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To Thee, my God, to Thee I call;
Whatever weal or woe betide,
With clay the grave's eternal bed,
This erring life may fly at last.
"29th Dec. 1806.
In another of these poems, which extends to about a hundred lines, and which he wrote under the melancholy impression that he should soon die, we find him concluding with a prayer in somewhat the same spirit. After bidding adieu to all the favourite scenes of his youth, he thus continues,
'Forget this world, my restless sprite, Turn, turn thy thoughts to Heav'n: There must thou soon direct thy flight,
If errors are forgiven.
To bigots and to sects unknown,
Bow down beneath the Almighty's throne; -
He, who is merciful and just,
Although his meanest care.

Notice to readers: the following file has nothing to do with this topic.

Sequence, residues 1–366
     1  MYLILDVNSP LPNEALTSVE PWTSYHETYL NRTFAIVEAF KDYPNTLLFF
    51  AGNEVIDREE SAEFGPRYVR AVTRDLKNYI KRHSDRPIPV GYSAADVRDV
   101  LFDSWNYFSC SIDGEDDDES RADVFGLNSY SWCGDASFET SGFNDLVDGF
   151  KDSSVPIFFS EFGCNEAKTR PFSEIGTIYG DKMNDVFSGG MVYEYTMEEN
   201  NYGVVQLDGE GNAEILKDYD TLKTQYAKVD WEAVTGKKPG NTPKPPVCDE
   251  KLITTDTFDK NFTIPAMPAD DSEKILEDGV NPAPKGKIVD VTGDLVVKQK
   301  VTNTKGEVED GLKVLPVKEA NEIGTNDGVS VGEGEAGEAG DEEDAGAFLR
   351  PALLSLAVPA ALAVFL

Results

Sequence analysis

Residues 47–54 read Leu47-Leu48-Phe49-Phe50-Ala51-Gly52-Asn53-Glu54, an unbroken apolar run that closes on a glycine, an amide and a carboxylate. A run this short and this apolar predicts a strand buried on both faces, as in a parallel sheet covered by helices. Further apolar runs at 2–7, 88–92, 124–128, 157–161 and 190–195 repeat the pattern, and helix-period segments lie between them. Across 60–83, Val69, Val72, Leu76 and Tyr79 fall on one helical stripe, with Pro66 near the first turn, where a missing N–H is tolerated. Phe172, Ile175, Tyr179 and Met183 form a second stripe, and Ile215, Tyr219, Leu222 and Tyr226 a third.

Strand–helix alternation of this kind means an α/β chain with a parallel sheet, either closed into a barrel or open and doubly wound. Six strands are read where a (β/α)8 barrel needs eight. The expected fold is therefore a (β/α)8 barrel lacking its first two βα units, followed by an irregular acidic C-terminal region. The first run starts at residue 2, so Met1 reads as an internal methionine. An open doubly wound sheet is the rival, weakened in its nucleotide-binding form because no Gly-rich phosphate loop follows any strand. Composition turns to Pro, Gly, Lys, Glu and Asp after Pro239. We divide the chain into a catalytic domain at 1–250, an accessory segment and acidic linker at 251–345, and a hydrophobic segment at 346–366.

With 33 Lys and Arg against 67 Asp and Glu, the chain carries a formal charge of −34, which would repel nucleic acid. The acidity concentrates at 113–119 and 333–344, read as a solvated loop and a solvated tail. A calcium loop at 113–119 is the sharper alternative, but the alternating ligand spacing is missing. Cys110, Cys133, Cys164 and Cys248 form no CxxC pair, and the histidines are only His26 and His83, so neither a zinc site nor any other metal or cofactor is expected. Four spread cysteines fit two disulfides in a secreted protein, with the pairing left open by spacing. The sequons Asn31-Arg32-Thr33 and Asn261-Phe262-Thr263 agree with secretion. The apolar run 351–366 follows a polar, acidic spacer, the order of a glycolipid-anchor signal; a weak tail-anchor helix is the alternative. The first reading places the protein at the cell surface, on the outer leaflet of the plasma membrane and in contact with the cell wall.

Father of Light, to thee I call,
My soul is dark within;
Thou, who canst mark the sparrow fall,
Avert the death of sin.
Thou, who canst guide the wandering star, Who calm'st the elemental war,
Whose mantle is yon boundless sky, My thoughts, my words, my crimes forgive; And, since I soon must cease to live, Instruct me how to die.
"P. S. Since we met, I have reduced myself by violent exercise, much physic, and hot bathing, from 14 stone 6 lb. to 12 stone 7 lb. In all I have lost 27 pounds. Bravo! what say you?"
His movements and occupations for the remainder of this year will be best collected from a series of his own letters, which I am enabled, by the kindness of the lady to whom they were addressed, to give. Though these letters are boyishly written, and a good deal of their pleasantry is of that conventional kind which depends more upon phrase than thought, they will yet, I think, be found curious and interesting, not only as enabling us to track him through this period of his life, but as throwing light upon various little traits of character, and laying open to us the first working of his hopes and fears while waiting, in suspense, the opinions that were to decide, as he thought, his future fame.